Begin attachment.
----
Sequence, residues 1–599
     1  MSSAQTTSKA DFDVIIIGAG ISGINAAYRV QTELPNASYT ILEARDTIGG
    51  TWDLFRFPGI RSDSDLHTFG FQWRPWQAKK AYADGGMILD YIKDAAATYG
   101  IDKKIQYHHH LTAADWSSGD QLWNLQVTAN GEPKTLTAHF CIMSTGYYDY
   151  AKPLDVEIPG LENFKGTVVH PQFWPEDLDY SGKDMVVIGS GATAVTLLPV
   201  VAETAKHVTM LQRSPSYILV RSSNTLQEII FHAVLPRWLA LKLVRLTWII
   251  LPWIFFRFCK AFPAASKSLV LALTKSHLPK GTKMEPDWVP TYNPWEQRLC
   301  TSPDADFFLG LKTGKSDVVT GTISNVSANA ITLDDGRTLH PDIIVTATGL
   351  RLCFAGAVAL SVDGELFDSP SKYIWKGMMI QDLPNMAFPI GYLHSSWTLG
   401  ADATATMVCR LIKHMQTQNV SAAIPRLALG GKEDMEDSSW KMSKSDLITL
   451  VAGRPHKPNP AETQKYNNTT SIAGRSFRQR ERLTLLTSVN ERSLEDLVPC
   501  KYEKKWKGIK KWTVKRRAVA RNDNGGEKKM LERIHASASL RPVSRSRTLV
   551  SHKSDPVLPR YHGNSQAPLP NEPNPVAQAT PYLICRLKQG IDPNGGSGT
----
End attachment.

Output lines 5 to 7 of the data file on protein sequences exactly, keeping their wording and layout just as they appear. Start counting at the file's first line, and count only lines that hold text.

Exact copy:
   151  AKPLDVEIPG LENFKGTVVH PQFWPEDLDY SGKDMVVIGS GATAVTLLPV
   201  VAETAKHVTM LQRSPSYILV RSSNTLQEII FHAVLPRWLA LKLVRLTWII
   251  LPWIFFRFCK AFPAASKSLV LALTKSHLPK GTKMEPDWVP TYNPWEQRLC